Ajanta Caves

Over hundreds of years, thirty one monuments hewn from the rockface!
Two thousand two hundred years ago work began in Maharashtra, India.
Then, some speculate around the year 1000 AD, they fell in to disuse.
Dense jungle grew around, hiding the caves away from human eyes.

The Ajanta caves lay undisturbed for hundreds of years.
Then, in April 1819, during the time of the British Raj, an officer with the
unassuming name of John Smith, rediscovered a doorway to one of the temples.
He had been hunting tigers – something of which many would disapprove today.

One can only imagine what went through Smith's head when he made his find.
Such a rediscovery did not remain secret for very long.
Soon, European and Indian tourists were thronging to the site – after
extensive tidying up. After all, the caves had been home to bats,
birds and larger animals for hundreds of years.
The Ajanta Caves had been returned to the world of the living.

The nearest human habitation is Ajintha, a tiny village a few miles
away from the caves.
The sanctuaries, which are known as chaytia-girhas from the second century
before Christ. They were used primarily as prayer halls and are similar to
an extent to the contemporary Roman designs of arch and column.
However, these sanctuaries were carved from the immense rock face
of the caves, with chisels and, indeed, bare hands.

The first caves were hewn from the bare rock at the time of
the Satavahana Empire which started around 230BC.
The Satavahanas brought peace to India after several foreign
invasions and the decline of the previous, Mauryan Empire.

Although there is widespread debate about the time at which the second period
of building took place, most now agree that it was probably during the reign of Harishena, from 460AD and over a period of around twenty years. This architectural flowering saw the creation of twenty temples which were used as monasteries.

There are paintings everywhere – literally.
Every surface apart from the floor is festooned with narrative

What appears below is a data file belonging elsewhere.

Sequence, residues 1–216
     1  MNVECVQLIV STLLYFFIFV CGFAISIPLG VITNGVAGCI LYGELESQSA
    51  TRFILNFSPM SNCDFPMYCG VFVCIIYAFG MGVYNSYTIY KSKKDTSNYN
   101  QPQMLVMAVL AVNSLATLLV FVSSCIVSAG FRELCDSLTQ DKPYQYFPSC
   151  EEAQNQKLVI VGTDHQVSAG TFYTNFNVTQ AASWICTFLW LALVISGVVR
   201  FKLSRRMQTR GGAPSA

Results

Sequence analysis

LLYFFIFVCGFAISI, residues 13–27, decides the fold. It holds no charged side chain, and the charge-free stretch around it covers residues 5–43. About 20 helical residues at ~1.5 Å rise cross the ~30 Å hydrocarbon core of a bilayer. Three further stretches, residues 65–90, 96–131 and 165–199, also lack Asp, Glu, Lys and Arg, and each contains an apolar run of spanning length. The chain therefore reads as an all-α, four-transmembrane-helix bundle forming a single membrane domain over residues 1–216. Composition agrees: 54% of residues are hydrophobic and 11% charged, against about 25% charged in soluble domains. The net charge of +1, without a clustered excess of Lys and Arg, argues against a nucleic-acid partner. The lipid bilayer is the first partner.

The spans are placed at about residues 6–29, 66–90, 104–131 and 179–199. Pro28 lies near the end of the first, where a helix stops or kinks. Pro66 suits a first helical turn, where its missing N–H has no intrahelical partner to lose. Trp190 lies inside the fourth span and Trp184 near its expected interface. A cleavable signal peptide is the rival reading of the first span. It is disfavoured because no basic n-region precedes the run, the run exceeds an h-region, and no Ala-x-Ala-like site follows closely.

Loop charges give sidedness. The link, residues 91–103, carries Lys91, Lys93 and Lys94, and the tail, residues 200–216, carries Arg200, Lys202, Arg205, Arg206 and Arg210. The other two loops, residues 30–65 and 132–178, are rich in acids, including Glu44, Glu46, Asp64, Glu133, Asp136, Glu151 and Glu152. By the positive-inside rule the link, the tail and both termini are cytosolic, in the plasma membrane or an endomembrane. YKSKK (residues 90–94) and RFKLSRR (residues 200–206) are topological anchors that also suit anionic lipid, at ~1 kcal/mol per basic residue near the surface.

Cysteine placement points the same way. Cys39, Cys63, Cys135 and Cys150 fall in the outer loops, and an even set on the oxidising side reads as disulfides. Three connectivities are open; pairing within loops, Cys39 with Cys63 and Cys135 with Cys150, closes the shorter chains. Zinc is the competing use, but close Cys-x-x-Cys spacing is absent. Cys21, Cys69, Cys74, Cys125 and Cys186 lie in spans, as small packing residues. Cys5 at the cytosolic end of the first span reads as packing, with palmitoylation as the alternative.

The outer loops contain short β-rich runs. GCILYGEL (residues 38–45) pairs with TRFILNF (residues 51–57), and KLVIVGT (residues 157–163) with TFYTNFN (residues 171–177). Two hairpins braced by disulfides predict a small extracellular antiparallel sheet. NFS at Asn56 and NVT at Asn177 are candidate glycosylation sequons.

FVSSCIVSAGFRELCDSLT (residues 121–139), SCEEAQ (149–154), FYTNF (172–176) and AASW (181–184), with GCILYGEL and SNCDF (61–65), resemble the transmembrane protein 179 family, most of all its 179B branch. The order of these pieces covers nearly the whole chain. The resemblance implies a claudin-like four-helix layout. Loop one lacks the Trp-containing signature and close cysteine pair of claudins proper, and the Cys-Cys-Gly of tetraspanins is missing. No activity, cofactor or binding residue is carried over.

paintings. Time has taken a serious toll on these marvelous works with
many parts simply just fragments of what they were when first created.
The stories are almost wholly devoted to Jatakas – tales of the Buddha’s
previous lives. These 547 poems were painstakingly and lovingly
painted on to the walls by devotees.

They were created using an ancient method. The surface was chiseled
so it was rough and could hold plaster which was then spread across the surface.
Then the master painter would, while the plaster was still wet, commence his work.
The colors soaked in to the plaster and so became a part of the surface.
Although this meant that it would not peel off as easily, perhaps not even the
painters foresaw the temples persevering for over two thousand years.

No one knows for sure when and why the caves were abandoned – whether
it was a gradual desertion of some event of political and social magnitude
took place which precipitated the neglect and final vacation of the site.

Yet for hundreds of years the place remained forsaken, to be
rediscovered that fateful day in 1819 by John Smith.

They even had running water handy, nearby!

And like the Pyramids and other extraordinary monuments which are
thousands of years old, you're talking about a very basic people
who struggled to stay alive, find food, raise families.

Where would this sort of talent come from, and when would they have had the time?

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